“It’s not 1985 anymore; it’s 1986,” explains one of the many characters voiced by British writer/director Michael (Mike) Mort in his first feature-length stop-motion animation work Chuck Steel: Night of the Trampires, the follow-up of sorts to his 2013 Chuck Steel short, Raging Balls of Steel Justice. Like the short, this film is a send-up of 1980s American action movies like Die Hard and Lethal Weapon. But with Trampires, Mort adds a bevy of tributes to horror films of the decade as well, including very funny and graphic shouts out to the Evil Dead trilogy and John Carpenter’s The Thing, among others.

Mort’s screenplay and storyline don’t seem to have any issues crossing the politically incorrect line (also an ’80s staple), and the film feels all the more vital and exciting as a result. The story involves Steel and an elderly vampire hunter named Abraham Van Rental (both voiced by Mort, as is Steel’s too-old-for-this-shit captain, Jack Schitt) solving a series of mysterious disappearances of people leaving L.A. clubs and bars, which they eventually tie to a type of vampire — the trampire — that prefers blood with a high blood-alcohol content. Sporting a high production value, Trampires is a ridiculous, often tasteless romp that comes courtesy of the newly created British animation house Animortal Studio. The film is currently looking for a distributor after it finishes a series of film festival appearances.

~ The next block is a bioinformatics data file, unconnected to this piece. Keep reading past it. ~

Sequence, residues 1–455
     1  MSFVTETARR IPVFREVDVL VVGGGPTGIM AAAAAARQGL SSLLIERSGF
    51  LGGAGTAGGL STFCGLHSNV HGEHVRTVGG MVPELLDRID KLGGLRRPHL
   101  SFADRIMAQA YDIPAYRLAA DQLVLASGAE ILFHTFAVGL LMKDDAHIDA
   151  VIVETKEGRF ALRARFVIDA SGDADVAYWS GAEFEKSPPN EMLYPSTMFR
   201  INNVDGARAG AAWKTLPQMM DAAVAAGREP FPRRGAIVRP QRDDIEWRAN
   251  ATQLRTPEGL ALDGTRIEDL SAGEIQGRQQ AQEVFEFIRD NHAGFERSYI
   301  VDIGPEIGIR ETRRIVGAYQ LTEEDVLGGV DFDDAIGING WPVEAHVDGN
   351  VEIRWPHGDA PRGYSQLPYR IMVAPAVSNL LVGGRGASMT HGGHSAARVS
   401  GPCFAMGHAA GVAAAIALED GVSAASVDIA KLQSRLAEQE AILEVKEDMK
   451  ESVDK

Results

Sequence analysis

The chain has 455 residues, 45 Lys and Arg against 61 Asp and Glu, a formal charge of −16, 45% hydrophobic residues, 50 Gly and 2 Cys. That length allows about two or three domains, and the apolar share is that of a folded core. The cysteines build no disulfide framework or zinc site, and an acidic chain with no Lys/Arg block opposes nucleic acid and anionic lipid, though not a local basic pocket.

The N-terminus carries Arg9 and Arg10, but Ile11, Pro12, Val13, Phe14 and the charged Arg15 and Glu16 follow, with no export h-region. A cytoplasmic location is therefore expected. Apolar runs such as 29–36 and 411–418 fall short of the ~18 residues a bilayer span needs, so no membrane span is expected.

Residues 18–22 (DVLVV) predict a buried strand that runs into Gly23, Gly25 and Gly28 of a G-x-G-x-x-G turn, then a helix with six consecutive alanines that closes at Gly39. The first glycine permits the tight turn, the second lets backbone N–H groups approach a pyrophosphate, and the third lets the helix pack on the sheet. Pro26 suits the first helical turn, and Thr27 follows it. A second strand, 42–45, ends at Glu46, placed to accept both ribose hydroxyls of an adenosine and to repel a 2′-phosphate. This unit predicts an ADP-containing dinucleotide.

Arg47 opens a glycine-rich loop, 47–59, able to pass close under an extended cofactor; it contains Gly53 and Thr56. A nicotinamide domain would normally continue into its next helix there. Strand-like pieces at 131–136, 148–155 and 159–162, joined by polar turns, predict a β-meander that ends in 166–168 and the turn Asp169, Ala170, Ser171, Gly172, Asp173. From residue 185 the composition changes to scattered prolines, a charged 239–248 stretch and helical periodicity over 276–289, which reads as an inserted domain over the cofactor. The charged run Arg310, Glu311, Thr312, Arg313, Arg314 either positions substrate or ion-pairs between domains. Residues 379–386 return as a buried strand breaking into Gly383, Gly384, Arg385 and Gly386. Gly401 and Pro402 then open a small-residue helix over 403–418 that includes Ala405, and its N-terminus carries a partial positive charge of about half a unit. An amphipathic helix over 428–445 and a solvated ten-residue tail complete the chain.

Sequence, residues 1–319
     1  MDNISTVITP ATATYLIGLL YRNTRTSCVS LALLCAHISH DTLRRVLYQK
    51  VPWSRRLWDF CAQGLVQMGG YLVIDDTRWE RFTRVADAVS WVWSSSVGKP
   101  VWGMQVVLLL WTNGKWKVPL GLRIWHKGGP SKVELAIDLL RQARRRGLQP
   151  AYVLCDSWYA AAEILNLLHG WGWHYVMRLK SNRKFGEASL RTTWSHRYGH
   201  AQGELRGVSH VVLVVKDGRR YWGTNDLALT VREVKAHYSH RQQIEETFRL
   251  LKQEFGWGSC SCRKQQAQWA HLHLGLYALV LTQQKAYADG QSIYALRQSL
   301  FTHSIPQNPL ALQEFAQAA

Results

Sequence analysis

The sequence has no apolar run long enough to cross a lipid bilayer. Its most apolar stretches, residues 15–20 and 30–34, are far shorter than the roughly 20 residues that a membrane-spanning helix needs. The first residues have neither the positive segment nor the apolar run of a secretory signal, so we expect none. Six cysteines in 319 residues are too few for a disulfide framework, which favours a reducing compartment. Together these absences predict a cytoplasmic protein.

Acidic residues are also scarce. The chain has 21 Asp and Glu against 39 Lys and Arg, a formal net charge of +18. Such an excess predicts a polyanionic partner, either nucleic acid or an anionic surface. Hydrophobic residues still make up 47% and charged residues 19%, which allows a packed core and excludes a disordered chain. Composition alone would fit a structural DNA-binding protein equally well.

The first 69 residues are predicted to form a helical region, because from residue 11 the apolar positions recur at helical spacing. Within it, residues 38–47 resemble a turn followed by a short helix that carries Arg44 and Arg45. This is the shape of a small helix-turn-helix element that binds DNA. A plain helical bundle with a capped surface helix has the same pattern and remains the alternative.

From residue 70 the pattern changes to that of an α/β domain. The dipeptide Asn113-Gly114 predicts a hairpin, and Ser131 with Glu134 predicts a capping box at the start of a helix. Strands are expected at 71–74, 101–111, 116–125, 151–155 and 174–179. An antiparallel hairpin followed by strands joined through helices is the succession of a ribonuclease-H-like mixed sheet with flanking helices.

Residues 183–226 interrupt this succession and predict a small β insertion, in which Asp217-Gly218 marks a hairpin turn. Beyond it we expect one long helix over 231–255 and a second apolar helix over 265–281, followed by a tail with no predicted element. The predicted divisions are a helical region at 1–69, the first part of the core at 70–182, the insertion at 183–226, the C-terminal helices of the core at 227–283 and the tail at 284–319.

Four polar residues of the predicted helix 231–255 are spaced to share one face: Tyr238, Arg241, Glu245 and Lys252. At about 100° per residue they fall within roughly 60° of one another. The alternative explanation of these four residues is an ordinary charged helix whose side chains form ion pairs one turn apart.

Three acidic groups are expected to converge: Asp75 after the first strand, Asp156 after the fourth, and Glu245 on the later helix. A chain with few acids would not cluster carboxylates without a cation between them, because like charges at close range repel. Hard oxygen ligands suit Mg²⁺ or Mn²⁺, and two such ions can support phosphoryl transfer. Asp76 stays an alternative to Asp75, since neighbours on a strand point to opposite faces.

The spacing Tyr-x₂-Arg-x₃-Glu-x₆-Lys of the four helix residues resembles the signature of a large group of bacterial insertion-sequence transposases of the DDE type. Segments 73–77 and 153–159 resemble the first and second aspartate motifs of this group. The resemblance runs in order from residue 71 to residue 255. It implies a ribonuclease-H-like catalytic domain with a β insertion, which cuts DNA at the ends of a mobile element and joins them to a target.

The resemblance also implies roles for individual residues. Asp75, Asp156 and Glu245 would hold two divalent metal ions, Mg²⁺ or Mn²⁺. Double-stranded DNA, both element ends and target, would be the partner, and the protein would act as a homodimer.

/Film spoke with Mort (along with one of the film’s producers, Randhir Singh Heer) the morning after a triumphant North American premiere at Fantasia Festival in Montreal (read our review here). For stop-motion animation geeks and ’80s movie fanatics, Mike has a great deal to say about the detail-oriented, time-consuming nature of the production, the many action and horror movie references, and about where he goes after this labor of love.